(In which I self-plagiarize from my FB.)
I woke up this morning (on a very lumpy pile of blankets at the foot of my bed, because the sick/teething baby apparently requires the entire width of a queen bed to herself) thinking about Mothers’ Day, in particular about all the ways today is painful for my friends. I am thinking about people whose mothers have died, who have or had difficult relationships with their mothers, who feel their mothers were missing. I am thinking of mothers whose children have died, of people who desperately want to be mothers and aren’t, of people for whom motherhood wasn’t a choice, of people for whom motherhood is so difficult that it is at least sometimes a regret. I think of women who don’t want to have children and have been told they are selfish, that they aren’t really real women if they don’t; I am thinking of women who are told they aren’t old enough or rich enough or normative enough to be mothers, that they should give their children to someone better. I am thinking of mothers who are told, for a hundred reasons, that they aren’t Real Mothers. I am thinking of mothers whose motherhood feels invisible or uncelebrated by a holiday that holds up as an ideal a model of family life that has never in history been true for all families, that even at its high-water mark in the 1950s was not true for most poor families or many non-white, native-born ones. I am thinking of mothers who want to be spoiled today and aren’t, of mothers sharing the day with others, sometimes uneasily, of children made to feel in some way that their families are made wrong.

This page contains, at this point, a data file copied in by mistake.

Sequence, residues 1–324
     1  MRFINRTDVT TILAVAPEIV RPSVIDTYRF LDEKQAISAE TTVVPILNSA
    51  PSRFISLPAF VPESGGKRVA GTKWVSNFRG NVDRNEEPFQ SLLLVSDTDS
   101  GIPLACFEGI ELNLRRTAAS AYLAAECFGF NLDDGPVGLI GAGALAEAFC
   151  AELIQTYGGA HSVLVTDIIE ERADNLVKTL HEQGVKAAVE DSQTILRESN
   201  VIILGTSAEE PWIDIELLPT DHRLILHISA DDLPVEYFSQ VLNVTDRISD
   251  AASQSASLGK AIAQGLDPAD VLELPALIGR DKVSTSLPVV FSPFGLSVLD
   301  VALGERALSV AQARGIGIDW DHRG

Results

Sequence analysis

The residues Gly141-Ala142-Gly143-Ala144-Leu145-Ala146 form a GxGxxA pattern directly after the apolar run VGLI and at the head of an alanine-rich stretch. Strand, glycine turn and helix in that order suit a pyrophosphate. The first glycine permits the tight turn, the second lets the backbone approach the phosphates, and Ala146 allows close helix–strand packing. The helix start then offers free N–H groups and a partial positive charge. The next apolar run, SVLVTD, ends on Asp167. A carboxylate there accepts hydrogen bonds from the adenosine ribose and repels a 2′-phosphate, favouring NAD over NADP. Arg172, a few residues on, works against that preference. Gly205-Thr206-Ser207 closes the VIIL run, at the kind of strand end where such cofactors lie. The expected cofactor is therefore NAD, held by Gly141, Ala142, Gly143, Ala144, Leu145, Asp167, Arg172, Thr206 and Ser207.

(An aside: teachers, I hope you will consider not making these holidays part of school. I am so glad they aren’t at The Bean’s school.)
Today I am thinking about how all those things are connected to the ways our culture defines motherhood as an individual choice/activity, a definition that is used as a excuse to make maternity leave available only for “lucky” mothers whose employers choose to give it, to make childcare the responsibility of individual families, and so on. And I am thinking about the real roots of Mothers’ Day as a call to radical, communal action. Better sanitation to benefit all children in Appalachia, mothers united to oppose war for the sake of all their sons. It’s easy to see why those ideas had to be domesticated and Hallmark’d right out. I’d like a little more of them in today.